Astarkan delivers its drama matter-of-factly, as a series of slice-of-life scenes that often omit key context. Like many child actors, Samuul (Mirko Giannini) underplays most of his scenes, which in this case fortuitously serves his character. His blank face and slow, deliberate movements mask his inner thoughts, appropriate for a script that withholds information and forces us to draw our own conclusions. Samuel is psychologically, and physically, constipated. He writes down secrets and buries them in hidden places. Samuel’s abuse is clearly signaled, but not extensively detailed; we aren’t privy to its severity, although at one point we know his foster mother fears that the bruises on his thigh may get him taken away by the state. That mom, played by Jehnny Beth with a troubled sense of economic reality struggling with maternal instinct, does grow attached to Samuel—but not quite attached enough to provide him the minimal protection he would need to thrive. But his foster parents do provide him with a home, gymnastics lessons, a ski trip, a bit of dear pocket money, and occasional scraps of tenderness—and who will take care of Samuel, if not them? The foster system is an imperfect compromise, but what is the alternative?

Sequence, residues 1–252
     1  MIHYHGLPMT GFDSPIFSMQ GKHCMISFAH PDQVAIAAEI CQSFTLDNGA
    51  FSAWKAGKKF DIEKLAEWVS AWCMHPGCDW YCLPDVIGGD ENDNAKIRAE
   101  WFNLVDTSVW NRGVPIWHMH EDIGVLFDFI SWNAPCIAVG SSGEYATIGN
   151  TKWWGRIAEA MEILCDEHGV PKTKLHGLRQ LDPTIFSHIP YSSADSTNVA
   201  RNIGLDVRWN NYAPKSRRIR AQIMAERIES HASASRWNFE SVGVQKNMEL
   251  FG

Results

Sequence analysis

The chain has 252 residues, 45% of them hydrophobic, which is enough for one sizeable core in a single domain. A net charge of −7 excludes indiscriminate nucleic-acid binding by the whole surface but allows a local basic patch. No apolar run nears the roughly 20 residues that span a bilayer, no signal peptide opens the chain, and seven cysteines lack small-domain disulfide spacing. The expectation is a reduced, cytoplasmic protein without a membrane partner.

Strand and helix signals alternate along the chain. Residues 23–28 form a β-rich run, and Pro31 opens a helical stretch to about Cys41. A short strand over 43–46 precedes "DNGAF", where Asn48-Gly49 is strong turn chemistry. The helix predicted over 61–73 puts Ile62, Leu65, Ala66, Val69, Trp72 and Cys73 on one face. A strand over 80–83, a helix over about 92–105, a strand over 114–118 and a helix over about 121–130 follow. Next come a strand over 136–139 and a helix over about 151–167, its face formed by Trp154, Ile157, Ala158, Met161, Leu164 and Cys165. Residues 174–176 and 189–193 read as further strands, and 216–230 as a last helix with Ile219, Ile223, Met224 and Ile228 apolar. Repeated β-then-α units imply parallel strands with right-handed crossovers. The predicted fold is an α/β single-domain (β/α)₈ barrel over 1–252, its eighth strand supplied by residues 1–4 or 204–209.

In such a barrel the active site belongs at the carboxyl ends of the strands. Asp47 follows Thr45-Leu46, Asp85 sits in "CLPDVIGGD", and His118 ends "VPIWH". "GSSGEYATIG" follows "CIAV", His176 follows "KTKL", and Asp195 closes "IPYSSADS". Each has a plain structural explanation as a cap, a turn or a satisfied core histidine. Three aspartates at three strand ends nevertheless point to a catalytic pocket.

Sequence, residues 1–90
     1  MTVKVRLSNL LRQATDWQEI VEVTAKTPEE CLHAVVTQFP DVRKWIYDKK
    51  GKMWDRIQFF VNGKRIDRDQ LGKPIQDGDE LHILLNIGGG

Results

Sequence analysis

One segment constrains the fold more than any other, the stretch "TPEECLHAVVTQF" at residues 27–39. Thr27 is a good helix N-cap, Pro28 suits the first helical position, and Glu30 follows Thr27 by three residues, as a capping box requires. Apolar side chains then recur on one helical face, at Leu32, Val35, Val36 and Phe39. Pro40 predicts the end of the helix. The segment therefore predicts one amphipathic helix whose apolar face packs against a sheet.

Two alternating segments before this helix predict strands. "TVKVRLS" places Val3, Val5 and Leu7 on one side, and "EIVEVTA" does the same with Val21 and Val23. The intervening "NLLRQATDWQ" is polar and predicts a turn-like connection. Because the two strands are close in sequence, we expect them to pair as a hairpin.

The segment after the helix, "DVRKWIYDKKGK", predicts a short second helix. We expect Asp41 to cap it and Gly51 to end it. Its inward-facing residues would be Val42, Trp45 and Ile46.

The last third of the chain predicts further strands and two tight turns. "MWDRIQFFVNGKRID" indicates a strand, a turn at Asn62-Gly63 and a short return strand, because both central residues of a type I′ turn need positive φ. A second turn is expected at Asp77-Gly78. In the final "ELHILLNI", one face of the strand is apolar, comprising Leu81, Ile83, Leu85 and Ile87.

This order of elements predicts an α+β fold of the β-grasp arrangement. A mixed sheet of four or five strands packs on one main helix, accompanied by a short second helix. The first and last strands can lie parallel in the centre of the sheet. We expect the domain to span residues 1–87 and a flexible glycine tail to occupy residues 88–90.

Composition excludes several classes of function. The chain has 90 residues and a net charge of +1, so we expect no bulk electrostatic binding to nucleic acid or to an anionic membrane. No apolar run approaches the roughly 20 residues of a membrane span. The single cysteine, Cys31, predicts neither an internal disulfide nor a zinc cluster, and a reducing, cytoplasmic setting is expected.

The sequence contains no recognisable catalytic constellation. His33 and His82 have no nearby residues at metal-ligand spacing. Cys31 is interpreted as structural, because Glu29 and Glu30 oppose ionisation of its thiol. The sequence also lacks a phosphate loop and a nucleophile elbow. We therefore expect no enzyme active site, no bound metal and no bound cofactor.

Astrakan was shot on film in rural France; the bright blue skies and verdant fields of its pastoral setting contrast with the troubled darkness of Samuel’s existence. In keeping with the hardcore realism, the story is told with no non-diegetic music, until Bach’s “Agnus Dei” (“lamb of God”) comes in at the finale. Although it’s not explained within the movie, the movie’s title comes from the pelts of an exotic breed of black sheep, which must be killed when young, before their wool loses its dark color.